Dr. Danyal Fer sat on a stool a few feet from a long-armed robot, wrapping his fingers around two metal handles near his chest.
As it moved the handles – up and down, left and right – the robot mimicked every little movement with its own two arms. Then when he squeezed his thumb and forefinger together, one of the robot's tiny claws did the same. So surgeons like Dr. Fer has been using robots for a long time when they operate on patients. You can withdraw a prostate from a patient while they are sitting at a computer console in the room.
After this brief demonstration, Dr. Fer and his colleagues at the University of California at Berkeley how they hope to advance the state of the art. Dr. Fer let go of the handles and a new type of computer software took over. As he and the other researchers watched, the robot began to move on its own.
With one claw the machine lifted a tiny plastic ring from an equally small pen on the table, passed the ring from one claw to the other, moved it across the table, and carefully hooked it onto a new pen. Then the robot did the same with several more rings and completed the task as quickly as it would under Dr. Fer.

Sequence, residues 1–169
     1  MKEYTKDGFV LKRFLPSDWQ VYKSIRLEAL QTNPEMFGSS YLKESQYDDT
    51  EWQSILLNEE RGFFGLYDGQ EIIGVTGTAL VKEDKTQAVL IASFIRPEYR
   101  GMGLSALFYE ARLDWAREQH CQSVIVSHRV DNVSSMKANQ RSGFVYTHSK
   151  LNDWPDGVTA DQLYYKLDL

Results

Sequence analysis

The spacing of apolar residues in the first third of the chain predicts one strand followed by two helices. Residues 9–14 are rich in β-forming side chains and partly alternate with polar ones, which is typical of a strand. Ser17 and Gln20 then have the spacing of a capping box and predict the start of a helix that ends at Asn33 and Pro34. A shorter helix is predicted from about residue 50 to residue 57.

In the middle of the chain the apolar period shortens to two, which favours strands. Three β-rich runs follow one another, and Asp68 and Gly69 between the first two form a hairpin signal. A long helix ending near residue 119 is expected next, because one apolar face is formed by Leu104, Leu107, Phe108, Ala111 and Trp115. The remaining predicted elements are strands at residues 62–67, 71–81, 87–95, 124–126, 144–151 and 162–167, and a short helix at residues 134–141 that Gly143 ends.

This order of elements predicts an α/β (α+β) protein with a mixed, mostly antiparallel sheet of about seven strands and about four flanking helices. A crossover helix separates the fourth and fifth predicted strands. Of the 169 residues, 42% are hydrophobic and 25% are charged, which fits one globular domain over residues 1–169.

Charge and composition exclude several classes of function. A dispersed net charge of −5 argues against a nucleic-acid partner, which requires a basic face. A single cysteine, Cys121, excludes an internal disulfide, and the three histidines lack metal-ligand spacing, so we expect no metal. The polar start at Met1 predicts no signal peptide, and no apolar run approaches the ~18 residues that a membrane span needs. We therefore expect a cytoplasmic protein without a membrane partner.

The training exercise was originally designed for people; By moving the rings from pen to pen, surgeons learn to operate robots like the one in Berkeley. According to a new research report from the Berkeley team, an automated robot performing the test can match or even outperform a human in terms of skill, precision, and speed.
The project is part of a much broader effort to bring artificial intelligence into the operating room. Using many of the same technologies that support self-driving cars, autonomous drones, and warehouse robots, researchers are also working to automate surgical robots. These methods are still far from everyday use, but progress is accelerating.
"It's an exciting time," said Russell Taylor, professor at Johns Hopkins University and former IBM researcher known in academia as the father of robotic surgery. "This is where I was hoping we would be 20 years ago."
The aim is not to remove surgeons from the operating room, but to reduce their burden and possibly even increase the success rate – where there is room for improvement – by automating certain phases of the operation.
Robots can exceed the accuracy of humans for some surgical tasks, such as inserting a pen into a bone (a particularly risky task with knee and hip replacements). The hope is that automated robots can perform other tasks such as incisions or sutures more accurately and reduce the risks associated with overworked surgeons.